Opinion: Four key learnings from the 7-Eleven wage crisis

Chris Power outlines how every HR department can learn some valuable lessons from 7-Eleven's 2015 employee underpayment crisis.

Chris Power outlines how every HR department can learn some valuable lessons from 7-Eleven's 2015 employee underpayment crisis.
It was the wage scandal that sent shock waves through HR departments across Australia. Workers at our nation’s biggest convenience chain being paid as little as $10 per hour before tax - a collusion between franchisees known as the ‘half pay’ scam.

Staff at the franchises were allegedly being underpaid by half the award rate and foreign workers were threatened with deportation if they spoke up. Internal documents reveal that between July and August 2015, 7-Eleven head office reviewed the payroll compliance at 225 stores and found that 69 stores had ongoing payroll issues.

Of course 7-Eleven aren’t the only company in Australia found to be flouting the law and underpaying staff. Pizza Hut were accused of paying workers as contractors rather than full-time employees last month, depriving workers of income, penalty rates, superannuation and insurance.

So as a HR manager, how can you ensure your organisation doesn’t fall onto the wrong side of the law when it comes to employment contracts?
  1. Compliance is everyone's responsibility
Regardless of who's legally responsible, businesses brands are at risk when any related party has a public compliance breach. Having visibility of your entire workforce chain is critical and doing so in a way that's largely automated is key to removing huge administration overheads. HR needs to take the lead with the support of senior management to ensure ‘the house is in order’.
  1. Track labour like a retailer tracks inventory
If you’re working in HR for a business in the retail or hospitality industry, be careful when hiring casual workers or contractors. Consideration should be given to the reason for the arrangement, the length of time of the arrangement, the individual’s significance to the business, what the individual is doing; and who is getting the benefit from the arrangement. Labour is the largest or second largest cost in many businesses, but only a few forward thinking HR departments are using software to manage their workforce against benchmarks within their businesses and in their sector.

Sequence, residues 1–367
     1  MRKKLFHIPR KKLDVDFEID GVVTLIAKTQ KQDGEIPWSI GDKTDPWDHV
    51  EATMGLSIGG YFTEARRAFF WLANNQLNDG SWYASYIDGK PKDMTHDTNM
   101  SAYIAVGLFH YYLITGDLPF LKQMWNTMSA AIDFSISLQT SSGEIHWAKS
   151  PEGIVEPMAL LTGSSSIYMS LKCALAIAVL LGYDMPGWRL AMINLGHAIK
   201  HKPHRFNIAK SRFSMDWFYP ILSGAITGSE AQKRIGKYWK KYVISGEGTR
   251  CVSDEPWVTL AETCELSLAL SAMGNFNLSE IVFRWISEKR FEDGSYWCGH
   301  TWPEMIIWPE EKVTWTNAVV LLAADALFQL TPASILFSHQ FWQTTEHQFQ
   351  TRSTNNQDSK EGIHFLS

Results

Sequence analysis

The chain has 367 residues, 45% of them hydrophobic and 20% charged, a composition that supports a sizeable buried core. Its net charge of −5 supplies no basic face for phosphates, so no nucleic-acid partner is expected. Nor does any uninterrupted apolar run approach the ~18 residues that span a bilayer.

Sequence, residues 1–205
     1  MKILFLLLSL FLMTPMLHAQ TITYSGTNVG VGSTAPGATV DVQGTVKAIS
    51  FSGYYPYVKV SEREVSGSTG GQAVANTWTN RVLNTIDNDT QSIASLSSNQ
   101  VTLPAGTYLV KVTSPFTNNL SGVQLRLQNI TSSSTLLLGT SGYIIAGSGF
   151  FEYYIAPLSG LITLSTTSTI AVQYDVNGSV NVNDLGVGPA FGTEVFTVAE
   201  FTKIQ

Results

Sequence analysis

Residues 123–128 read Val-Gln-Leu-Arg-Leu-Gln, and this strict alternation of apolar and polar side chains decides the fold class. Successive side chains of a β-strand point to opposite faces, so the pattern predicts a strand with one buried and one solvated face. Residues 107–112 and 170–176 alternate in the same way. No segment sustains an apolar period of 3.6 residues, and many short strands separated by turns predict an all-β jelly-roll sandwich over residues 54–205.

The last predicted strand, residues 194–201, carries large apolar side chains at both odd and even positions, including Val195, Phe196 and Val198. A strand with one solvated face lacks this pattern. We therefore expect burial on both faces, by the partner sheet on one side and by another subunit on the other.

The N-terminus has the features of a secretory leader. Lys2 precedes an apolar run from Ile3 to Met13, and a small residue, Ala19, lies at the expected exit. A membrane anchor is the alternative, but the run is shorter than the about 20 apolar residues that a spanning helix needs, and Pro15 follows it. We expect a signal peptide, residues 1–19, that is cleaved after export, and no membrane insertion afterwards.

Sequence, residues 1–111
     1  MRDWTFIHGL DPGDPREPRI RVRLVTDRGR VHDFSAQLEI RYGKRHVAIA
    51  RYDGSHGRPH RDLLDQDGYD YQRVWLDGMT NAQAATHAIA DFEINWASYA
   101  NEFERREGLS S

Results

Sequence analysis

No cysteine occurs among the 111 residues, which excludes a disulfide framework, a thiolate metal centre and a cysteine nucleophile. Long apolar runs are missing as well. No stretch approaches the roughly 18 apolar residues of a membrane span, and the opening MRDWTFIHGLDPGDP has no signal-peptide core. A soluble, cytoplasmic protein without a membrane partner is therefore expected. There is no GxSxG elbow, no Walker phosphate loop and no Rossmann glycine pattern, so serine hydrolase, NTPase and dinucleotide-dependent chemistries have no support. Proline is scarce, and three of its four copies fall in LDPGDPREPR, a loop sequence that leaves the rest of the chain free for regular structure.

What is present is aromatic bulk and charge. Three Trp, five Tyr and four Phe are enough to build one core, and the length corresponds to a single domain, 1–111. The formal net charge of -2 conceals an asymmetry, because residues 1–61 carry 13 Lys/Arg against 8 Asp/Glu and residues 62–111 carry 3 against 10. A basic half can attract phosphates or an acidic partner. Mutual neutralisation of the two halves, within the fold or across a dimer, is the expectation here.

1. Don’t let the business bury its head in the sand
If you’ve been campaigning for a workforce or optimisation project now is the perfect time to push the board and senior management for funding. The 7-Eleven scandal shows what can happen if they ignore the elephant in the room. The government will eventually catch up and start penalising. Now is the time to get ahead of the regulation wave and be proactive about removing any potential risks so your organisation can focus on growth.
  1. Compliance doesn't have to be a burden
Compliance for compliance sake is great, but not at the cost of your employees’ engagement. Many growing businesses and HR teams are already using software that's engaging at all levels of the business – ensuring the HR team can tick all the boxes, while providing employees with an experience that doesn't remind them of tax time.
In the past year alone, we’ve seen hundreds of thousands of dollars in penalties handed down by the Federal Court. 7-Eleven alone could face a $300 million compensation wages bill after the Allan Fels-chaired panel released the first tranche of payments to exploited workers a few weeks ago. These cases emphasise the willingness of courts to order harsh penalties to act as a deterrent to others.
So, before you get that call or visit from the Fair Work Ombudsman, consider the points above and invest in systems that enable you to see exactly what your obligations are with regards to your workforce. Check your sub-contractor agreements and review all terms and conditions that apply to an employee under legislation.

About the author
Chris Power, head of workforce management, Ento.com. For further information visit www.ento.com

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